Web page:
Langhorne Boro, Bucks County, PA

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The area comprising Langhorne Boro was known in colonial times, first as "Four Lanes End," and subsequently, Attlebury or Attleborough.

In an April 1882 talk given at a Bucks County Historical Society meeting (held in Langhorne), General Davis (while diplomatically giving due to the Boro's namesake, Jeremiah Langhorne as '... probably the most distinguished man of Bucks County of his period ...') nonetheless laments the name change from Attleborough to Langhorne in his closing, suggesting that had the Historical Society had any say in the matter, "... it would be known as Attleborough while 'water runs and grass grows.'"

Text, below, was adapted from the 1908 publication/collection of talks given at Bucks Historic Society meetings.

About Attleborough [1]

By General W. W. H. Davis (at a Langhorne Meeting of the Bucks County Historic Society, April 18, 1882)

Those who will take the trouble to investigate the history of the settlement of Bucks county, will find that the organization of townships took place by groups. The first of these groups was organized in 1692. The first legal steps taken for this purpose was in 1692, and two years afterward Makefield, Falls, Bristol under the name of "Buckingham," Middletown, Newtown and Wrightstown as one, Bensalem under the name of "Salem," and Southampton and Warminster as one, were declared by the court to be organized townships, and the machinery of local self-government was put into operation.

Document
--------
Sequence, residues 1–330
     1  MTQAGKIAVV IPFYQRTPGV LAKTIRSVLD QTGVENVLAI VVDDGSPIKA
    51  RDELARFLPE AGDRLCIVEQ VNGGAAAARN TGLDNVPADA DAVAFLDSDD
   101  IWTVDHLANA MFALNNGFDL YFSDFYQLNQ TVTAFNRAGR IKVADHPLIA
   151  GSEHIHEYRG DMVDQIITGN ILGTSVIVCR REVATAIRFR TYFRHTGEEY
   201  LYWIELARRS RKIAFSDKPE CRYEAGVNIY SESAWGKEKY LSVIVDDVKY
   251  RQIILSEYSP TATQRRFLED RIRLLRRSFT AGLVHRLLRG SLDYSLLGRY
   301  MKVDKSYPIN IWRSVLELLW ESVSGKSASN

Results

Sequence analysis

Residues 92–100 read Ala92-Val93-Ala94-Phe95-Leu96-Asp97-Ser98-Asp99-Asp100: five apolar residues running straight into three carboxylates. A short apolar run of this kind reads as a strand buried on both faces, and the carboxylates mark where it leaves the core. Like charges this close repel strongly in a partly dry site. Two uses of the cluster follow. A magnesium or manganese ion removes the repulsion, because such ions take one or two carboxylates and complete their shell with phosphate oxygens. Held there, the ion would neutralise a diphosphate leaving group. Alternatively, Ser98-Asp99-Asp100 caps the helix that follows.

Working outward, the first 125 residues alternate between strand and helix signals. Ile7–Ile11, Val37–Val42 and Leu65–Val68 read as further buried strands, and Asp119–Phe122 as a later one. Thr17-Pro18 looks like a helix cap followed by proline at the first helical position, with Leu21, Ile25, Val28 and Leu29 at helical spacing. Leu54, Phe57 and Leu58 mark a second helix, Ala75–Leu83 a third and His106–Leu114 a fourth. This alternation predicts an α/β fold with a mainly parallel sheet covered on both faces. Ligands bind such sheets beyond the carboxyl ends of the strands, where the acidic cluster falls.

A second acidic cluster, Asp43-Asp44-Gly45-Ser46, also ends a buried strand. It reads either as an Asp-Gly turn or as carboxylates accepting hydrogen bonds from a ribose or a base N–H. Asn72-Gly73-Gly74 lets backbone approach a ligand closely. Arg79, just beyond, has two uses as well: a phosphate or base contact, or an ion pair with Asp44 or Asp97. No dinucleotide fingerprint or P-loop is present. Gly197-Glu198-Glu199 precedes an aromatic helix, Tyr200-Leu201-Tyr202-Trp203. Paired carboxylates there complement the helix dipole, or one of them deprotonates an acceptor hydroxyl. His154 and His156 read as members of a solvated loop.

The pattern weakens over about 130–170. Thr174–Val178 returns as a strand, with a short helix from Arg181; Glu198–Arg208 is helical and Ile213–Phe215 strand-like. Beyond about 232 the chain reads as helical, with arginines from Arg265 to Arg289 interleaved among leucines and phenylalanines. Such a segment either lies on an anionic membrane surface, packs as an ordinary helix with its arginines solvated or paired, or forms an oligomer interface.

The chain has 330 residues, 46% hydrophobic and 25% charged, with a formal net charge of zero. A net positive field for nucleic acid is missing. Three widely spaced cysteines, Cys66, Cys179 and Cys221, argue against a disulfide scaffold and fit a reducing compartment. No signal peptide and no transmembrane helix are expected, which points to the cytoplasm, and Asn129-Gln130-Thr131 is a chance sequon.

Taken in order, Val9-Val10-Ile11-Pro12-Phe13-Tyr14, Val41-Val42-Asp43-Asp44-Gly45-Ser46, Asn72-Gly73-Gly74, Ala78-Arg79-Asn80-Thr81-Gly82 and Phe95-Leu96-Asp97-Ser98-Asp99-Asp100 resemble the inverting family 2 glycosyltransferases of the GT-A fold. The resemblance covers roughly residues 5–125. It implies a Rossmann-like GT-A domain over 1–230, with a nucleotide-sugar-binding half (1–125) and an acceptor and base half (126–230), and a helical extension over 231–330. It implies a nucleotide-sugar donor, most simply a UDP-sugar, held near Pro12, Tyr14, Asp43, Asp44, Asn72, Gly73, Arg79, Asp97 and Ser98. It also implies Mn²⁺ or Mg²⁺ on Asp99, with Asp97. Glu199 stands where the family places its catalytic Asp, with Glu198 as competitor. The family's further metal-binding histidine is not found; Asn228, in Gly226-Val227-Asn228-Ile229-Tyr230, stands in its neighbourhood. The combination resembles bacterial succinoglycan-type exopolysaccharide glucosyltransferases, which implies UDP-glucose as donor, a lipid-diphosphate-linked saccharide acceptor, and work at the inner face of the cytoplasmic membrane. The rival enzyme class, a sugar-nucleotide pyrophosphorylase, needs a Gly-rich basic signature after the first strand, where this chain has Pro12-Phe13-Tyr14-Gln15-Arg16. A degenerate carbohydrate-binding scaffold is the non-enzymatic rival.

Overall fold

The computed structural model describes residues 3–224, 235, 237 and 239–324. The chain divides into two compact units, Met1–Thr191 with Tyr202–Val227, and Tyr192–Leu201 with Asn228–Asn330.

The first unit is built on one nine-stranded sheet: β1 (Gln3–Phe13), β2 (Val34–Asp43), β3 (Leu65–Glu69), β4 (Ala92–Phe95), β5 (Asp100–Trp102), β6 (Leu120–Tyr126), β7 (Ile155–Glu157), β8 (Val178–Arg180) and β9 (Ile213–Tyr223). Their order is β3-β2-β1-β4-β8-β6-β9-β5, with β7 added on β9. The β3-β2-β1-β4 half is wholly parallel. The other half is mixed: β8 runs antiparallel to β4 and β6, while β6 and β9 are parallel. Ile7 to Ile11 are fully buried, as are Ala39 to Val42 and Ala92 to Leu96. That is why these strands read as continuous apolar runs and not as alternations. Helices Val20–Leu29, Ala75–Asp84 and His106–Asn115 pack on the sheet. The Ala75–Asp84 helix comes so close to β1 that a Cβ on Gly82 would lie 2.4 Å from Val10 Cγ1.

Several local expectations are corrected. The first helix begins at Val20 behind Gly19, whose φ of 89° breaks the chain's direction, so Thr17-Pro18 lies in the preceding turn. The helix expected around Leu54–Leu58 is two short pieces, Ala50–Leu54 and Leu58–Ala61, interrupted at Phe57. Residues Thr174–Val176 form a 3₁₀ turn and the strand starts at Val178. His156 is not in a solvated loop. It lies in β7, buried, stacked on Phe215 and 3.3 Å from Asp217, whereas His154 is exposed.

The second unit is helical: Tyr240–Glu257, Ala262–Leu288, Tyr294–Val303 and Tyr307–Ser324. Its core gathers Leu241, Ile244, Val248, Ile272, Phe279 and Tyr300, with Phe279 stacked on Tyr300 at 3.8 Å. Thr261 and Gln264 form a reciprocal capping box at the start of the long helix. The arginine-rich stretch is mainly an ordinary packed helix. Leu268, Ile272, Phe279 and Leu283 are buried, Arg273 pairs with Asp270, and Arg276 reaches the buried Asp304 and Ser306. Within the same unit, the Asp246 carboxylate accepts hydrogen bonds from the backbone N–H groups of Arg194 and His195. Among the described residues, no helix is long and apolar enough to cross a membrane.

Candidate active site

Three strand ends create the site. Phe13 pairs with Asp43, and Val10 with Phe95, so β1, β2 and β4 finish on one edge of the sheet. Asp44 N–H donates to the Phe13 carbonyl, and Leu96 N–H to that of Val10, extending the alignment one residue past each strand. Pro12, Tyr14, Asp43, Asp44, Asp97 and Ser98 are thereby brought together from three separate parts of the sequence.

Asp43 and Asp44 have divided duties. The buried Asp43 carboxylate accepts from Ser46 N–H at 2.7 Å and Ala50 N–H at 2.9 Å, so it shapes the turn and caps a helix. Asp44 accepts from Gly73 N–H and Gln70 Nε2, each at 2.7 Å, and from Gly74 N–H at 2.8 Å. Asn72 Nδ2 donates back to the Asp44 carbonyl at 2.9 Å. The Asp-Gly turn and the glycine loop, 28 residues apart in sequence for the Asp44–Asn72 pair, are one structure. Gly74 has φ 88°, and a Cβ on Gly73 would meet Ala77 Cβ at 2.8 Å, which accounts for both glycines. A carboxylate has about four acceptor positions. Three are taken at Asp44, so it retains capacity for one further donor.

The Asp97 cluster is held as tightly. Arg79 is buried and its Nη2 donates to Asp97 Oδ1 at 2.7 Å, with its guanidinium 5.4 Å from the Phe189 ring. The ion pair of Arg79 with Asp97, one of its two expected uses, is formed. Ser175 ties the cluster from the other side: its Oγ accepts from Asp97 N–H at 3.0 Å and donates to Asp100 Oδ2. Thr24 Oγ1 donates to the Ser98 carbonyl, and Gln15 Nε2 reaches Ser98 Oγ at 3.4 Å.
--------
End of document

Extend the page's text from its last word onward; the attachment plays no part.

In the report of the jury in favor of the organization of this group of townships Middletown is denominated "the middle township," that is, midway between Bristol and Newtown, but it was frequently called "Middle Lots" down to 1703, and "Middle Township" as late as 1724. Gradually it came to be called by the name it now bears.

In this brief paper it is not my purpose to give more than a glance at the settlement of Middletown. A few of the original settlers came in the Welcome, among which was Nicholas Walne, of Yorkshire, who took up a large tract between Attleborough and the Neshaminy. The land was generally taken up (in large tracts) in 1684. Nicholas Walne, probably a grandson of the first settler, studied law at the Temple, returned and practiced seven years in this county and elsewhere. It is stated of him by Janney, that after he had been engaged in the trial of a real-estate case at Newtown, Mr. Walne was asked by a friend, on his return to the city, how it was decided. He replied, "I did the best I could for my client; gained the case for him, and thereby defrauded an honest man of his dues." He now relinquished the practice of the law as inconsistent with the principles of Christianity, settled his business, and became a minister among Friends. Among others, who were original, or, early settlers in Middletown, I may mention Richard Amer, Henry Paxson, James, Richard Davis, John Scarborough, Thomas Stackhouse, Robert Hall, Robert Heaton, who built the first mill in the township, John Eastburn, Isaiah Watson, et al. Among the prominent settlers who came into the township at this period, was, Thomas Langhorne, a minister among Friends, from Westmoreland. He died in 1687, leaving a son, Jeremiah, who became a distinguished man.